Is it just me, or have you guys noticed that gaming is saturated with vapid, sociopathic murder simulators?
I don't just mean your calls of duty and your halves of lives, either -- civillization, kings bounty, combat mission, galactic civillization, baldur's gate... Videogames are, by and large, all morally bankrupt. There are a couple of exceptions, and i'll come back to them, but most games, especially (and most offensively) those with so called 'choices and consequences' seem to do their best NOT to edify about morality in any meaningful way.
The average, elemental videogame, one could say, is actually inherently immoral. I speculate that this stems from the dungeons and dragons shoot and loot rule systems that most gaming derives from... But I don't really know.
Oldschool scoring systems, modern xp based reward systems, and plain old compulsive completionism all encourage the player to scour any level or region for enemies to kill, rivals to eliminate, and equipment to gather. The accruement of resources without regard for anyone else is every player's second priority, and the destruction of anybody who isn't on the player's team is priority #1. And I haven't played very many games, even games that ostensibly ought to say something about morality or human responsibility (i'm looking at mass effect, fallout, civillization) which differ from this structure at all.
While a lack of morals certainly shouldn't limit a game's ability to be just plain fun, it seems like a gigantic and a somewhat disconcerting missed opportunity. Games wield huge budgets to weave elaborate simulations, with visceral writing and graphics and explosions and what have you -- why can't a game even acknowledge the human, moral implications of your actions?
I don't mean a cutesy, dark humor nod to suffering like you see in Fallout -- I mean an actual, edifying investigation of the player's impact on the world? Or, hell, an even edifying investigation of the VILLIAN's impact on the world? And games that claim to feature moral choices -- elder scrolls, mass effect, and the other mainstream rpgs -- are perhaps the most offensive about this. They boil down a moral choice to a loot reward and maybe a cool cutscene, with no room for thoughtful investigation into the meaning or consequences of the action.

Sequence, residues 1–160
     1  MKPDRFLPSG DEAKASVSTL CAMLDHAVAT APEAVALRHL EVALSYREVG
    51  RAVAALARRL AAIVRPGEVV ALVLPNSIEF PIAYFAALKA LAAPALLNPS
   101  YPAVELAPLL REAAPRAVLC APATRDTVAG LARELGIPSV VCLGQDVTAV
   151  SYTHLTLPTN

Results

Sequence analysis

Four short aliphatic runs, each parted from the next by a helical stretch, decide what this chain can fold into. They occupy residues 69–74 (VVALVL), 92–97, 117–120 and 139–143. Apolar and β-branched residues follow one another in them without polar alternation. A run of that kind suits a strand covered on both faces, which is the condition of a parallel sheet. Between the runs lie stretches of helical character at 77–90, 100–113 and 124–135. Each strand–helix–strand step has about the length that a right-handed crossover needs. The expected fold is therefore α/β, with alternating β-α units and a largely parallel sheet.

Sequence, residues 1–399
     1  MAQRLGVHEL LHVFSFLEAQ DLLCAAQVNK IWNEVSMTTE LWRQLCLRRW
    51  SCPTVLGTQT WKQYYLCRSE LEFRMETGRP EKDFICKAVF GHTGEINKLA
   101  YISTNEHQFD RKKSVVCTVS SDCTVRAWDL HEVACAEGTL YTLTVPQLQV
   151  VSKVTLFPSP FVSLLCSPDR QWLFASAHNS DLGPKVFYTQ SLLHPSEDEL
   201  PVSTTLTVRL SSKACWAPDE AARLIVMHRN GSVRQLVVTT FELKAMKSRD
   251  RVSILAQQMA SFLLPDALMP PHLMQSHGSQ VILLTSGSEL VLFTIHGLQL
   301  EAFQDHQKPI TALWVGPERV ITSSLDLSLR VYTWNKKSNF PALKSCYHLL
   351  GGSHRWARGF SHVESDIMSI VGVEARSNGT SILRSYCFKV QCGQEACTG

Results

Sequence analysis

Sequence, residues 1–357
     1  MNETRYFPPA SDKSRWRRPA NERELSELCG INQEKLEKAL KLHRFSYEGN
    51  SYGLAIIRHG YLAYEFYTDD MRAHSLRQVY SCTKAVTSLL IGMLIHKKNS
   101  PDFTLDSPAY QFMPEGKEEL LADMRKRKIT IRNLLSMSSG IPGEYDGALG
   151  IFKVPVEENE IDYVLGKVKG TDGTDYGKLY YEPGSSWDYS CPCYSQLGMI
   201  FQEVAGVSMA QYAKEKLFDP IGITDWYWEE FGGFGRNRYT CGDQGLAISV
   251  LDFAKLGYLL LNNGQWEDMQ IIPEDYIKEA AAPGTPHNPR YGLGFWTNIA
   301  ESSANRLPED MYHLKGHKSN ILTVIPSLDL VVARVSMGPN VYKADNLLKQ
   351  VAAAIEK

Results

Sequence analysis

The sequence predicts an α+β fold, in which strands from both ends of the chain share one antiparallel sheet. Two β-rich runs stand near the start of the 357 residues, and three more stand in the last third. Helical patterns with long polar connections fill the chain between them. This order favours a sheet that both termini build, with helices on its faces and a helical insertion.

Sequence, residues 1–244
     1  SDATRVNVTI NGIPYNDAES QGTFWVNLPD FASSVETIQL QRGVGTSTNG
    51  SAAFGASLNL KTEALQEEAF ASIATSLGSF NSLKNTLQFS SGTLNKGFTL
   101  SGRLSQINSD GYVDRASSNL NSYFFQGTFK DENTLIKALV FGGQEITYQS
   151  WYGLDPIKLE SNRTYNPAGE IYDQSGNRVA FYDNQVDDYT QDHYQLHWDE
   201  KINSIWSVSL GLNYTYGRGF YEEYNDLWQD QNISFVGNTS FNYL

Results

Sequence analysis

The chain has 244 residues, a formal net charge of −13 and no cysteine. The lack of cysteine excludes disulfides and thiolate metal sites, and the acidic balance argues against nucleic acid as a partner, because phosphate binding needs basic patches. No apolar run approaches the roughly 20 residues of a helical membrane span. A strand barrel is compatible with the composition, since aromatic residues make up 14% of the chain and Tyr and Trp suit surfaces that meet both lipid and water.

There certainly a few games that addressed morality in interesting ways, but I, personally, can only think of one that jumps out at me --
Deus ex, actually -- and I think this contributed to its success -- is a strongly edifying, moral game. Discussion of the use of power, the presence of power, and implications -- even if they're as little as a scornful dialogue quip -- to your actions go a long way. Just acknowledging that the immense power jc denton wields comes with a little responsibility is a big step above what I see in most games.
Bioshock, I guess, attempted to investigate this kind of thing too, even if it was in a largely non-interactive way, but I think it fell pretty flat.
So why don't you think more games address morality or human suffering in more upfront ways? Have you played any games you saw as strongly moralistic? Bear in mind just having characters who clearly have moral intentions doesn't necessarily make your game morally edifying -- doomguy just wants to save the world, but doom still deftly avoided any potential questions about the nature of heroism or sacrifice.